Goggles4U can drive you crazy with their huge lists, and because it's a lot of work (and sometimes impossible) to tell if two similar frames with different colors are otherwise identical.
Their sorting/filtering function does only about half as much as it should. For instance, it allows you to specify a minimum lens width, total width, etc., but not a maximum.
- At August 1, 2008 at 9:23 AM Ira said...
"I don't think it would take that much more work on their part to make a much easier way to navigate through their catalog, perhaps by just adding a few more well-selected categories to their list on the left half of the screen."
I think you missed my point. More categories? Oh no! People fight through this mess because they are saving a few more dollars.
- At August 1, 2008 at 12:59 PM Paul said...
I meant that if Zenni added some categories that I'd find more useful, I could use them and ignore more of the categories that they use now.
Ideally, they'd re-do their whole search scheme with fewer and more sensible categories, but this isn't likely in the near term. (But then, it's not that unusual to find websites completely reconstructed just when we've figured out how to navigate the old one.)
Ira, why don't you show how you'd like to search?
For me, it would be mostly lens shape/size, total width, and materials. I don't think any online vendor does a good job helping me filter these.
- At August 1, 2008 at 1:36 PM Ira said...
You couldn't be more correct. I think Goggles4U has the best "search", but that "best" is still pretty dreadful.
It hits on two of your three criteria, but without a way to filter or sort it's pretty useless.
The sites with smaller, more manageable collections need to improve some of the information on their browsing pages.
I'll start thinking of a post to address these issues more in depth.
Thanks for your input! I appreciate it.
- At August 2, 2008 at 7:10 AM Brianala said...
I think it's interesting that you find Zenni's site the most difficult to navigate in a post that talks about simplicity of choice.
Personally, I feel that Zenni's site is the easiest *because* of it's simplicity. My highest motivator purchase decisions is price (and I imagine that's the same for most of their target market), and they put it right out there. I know how much I want to spend, so I can go right to the category and find something I like there. If not, I decide whether I want to spend a little more.
I also like that Zenni keeps the color choices for the frame as an option once you view the frame itself, instead of listing each frame color separately.
- At August 2, 2008 at 9:02 AM Ira said...
I'm glad you find it easy to use and have found value -- many have. With price being most important, especially with simple prescriptions, you're never going to need to get down past the top couple of menu options.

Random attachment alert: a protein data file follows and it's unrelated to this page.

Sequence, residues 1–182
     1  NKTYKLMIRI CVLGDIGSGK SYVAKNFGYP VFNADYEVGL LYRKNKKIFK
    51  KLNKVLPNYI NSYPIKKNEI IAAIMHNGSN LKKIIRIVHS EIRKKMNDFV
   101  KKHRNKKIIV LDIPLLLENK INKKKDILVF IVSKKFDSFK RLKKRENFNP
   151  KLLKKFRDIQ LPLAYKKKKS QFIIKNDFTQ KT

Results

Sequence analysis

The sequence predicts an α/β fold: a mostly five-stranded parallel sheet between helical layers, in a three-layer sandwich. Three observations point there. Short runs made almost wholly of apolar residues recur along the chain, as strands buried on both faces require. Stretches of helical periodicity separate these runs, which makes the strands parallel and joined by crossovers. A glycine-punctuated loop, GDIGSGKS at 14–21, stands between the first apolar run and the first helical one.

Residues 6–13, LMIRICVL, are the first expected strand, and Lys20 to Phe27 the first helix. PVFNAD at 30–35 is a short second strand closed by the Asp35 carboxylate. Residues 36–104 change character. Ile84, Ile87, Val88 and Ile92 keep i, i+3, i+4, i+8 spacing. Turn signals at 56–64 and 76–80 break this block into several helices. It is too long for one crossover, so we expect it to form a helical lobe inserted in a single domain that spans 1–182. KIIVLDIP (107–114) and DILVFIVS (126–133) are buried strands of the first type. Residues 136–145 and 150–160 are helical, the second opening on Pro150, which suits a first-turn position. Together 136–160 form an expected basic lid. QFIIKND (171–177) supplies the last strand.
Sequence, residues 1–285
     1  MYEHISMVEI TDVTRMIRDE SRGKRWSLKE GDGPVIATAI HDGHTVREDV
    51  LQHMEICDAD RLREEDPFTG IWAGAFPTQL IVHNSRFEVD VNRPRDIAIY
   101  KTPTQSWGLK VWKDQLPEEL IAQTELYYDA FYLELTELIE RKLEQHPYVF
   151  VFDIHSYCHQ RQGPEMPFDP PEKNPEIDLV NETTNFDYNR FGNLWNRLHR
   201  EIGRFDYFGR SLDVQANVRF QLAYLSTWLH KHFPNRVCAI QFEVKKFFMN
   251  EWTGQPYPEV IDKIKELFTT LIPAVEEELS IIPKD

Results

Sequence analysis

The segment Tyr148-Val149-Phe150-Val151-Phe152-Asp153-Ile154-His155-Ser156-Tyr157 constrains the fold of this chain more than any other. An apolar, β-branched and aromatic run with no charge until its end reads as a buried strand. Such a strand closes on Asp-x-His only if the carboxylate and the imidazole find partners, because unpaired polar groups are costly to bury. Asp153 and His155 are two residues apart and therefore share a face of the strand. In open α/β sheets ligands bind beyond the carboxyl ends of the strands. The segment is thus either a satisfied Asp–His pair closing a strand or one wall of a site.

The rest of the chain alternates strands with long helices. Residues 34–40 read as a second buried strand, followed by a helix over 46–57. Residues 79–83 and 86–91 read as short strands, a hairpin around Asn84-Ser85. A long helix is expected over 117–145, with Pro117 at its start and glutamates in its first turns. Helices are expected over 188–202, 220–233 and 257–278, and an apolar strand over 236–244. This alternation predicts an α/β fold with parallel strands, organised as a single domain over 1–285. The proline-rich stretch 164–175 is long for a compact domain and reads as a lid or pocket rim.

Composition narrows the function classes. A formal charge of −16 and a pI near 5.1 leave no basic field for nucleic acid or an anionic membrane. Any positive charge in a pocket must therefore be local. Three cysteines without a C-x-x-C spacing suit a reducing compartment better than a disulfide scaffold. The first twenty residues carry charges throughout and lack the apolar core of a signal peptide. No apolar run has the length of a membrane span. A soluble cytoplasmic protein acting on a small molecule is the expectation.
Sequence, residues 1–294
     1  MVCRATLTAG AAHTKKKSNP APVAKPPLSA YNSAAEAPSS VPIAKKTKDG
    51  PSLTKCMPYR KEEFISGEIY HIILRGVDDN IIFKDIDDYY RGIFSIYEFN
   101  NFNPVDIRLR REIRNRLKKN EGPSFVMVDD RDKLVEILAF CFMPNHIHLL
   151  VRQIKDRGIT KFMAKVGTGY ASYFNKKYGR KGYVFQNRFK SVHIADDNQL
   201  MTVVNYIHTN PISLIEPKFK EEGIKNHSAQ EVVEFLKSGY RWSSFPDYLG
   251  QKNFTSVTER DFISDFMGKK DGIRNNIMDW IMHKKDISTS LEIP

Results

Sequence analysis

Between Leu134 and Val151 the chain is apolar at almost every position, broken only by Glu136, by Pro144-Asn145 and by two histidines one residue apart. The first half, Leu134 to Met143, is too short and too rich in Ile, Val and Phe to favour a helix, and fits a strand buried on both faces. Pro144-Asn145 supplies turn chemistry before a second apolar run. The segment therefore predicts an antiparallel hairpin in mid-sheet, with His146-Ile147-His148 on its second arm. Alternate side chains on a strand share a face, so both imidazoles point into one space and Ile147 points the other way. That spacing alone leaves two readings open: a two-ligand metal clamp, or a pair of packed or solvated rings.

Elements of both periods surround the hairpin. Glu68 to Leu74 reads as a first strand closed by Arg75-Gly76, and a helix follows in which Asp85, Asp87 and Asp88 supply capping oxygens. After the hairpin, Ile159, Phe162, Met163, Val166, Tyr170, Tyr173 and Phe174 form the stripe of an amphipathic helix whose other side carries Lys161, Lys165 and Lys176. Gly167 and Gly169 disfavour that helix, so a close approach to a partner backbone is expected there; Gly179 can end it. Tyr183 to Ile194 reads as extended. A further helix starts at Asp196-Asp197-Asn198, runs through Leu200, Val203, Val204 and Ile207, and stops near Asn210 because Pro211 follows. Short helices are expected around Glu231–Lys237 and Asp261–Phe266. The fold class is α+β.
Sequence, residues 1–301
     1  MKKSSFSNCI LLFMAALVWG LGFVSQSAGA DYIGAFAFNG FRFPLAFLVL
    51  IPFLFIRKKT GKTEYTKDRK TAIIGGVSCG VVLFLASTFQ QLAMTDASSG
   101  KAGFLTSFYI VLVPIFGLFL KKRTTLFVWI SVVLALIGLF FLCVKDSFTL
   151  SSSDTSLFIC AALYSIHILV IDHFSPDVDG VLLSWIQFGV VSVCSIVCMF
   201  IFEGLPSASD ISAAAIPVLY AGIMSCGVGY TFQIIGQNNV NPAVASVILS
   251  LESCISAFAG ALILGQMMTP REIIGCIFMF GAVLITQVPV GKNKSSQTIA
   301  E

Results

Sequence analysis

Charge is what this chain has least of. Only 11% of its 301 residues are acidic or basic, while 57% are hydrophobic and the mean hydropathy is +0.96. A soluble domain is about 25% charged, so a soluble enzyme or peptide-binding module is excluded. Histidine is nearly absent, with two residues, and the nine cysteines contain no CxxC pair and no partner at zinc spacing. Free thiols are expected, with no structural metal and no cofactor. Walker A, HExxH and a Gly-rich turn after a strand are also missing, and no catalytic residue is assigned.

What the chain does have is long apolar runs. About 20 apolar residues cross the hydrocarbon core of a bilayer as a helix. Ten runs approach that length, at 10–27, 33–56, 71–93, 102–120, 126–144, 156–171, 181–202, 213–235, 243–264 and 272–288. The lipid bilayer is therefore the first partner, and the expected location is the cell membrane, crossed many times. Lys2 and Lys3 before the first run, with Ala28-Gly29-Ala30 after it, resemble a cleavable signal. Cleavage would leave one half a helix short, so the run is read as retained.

For those who are looking beyond price, my illustration is indeed pertinent.
As for listing frame colors as separate primary choices, I agree completely. It IS the way they do it in the brick and mortar stores, but for online I think Goggles4U and EyeBuyDirect have this all wrong -- though I understand to a certain degree why both of them do it the way they do.
I'm a sorter and categorizer and the mix & match categories (price, material, style(?), gender, age, others...) is insane. I mean Zenni has 23 choices before you even see a frame!
Again, if you're solely concerned with price, that $8 category is right up top -- perfect for that buyer.
I think O4L and 39$ have the two most useful lists of categories -- especially with the added simplicity of having only one or two price-points for their entire collections.
This is the kind of thing that makes it difficult for retailers -- and one of the reasons I write posts like these. They spur fruitful discussion that may have positive impact on the sites (and site updates) of tomorrow.
- At August 3, 2008 at 2:55 PM Paul said...
I forgot to mention gender as a search criterion I'd want. Then I can skip a bunch of obviously female glasses and the ones I thought were unisex but only available in colors like pink.
- At August 3, 2008 at 6:05 PM Anonymous said...
If I use the search function Zenni is very easy for me. I zero in on one of the frame dimensions that I absolutely have to have, like temple arm length longer than 140mm. If I enter 141mm, then 142mm, then 143mm, I can find frames that have temple arms that will work for me.
Then I look at the bridge dimension of these long temple arm frames. I need to have a 17mm to 20mm bridge size. If a frame meets these criteria and I like the style I bookmark it. After about 15-20 minutes of searching this way I'll have a half dozen choices to peruse. Now I'll consider color, weight of frame, etc. Using this process of elimination I've found a fast, efficient way to search Zenni's site. I suppose this method would work at other sites as well.
--posted by powrwrap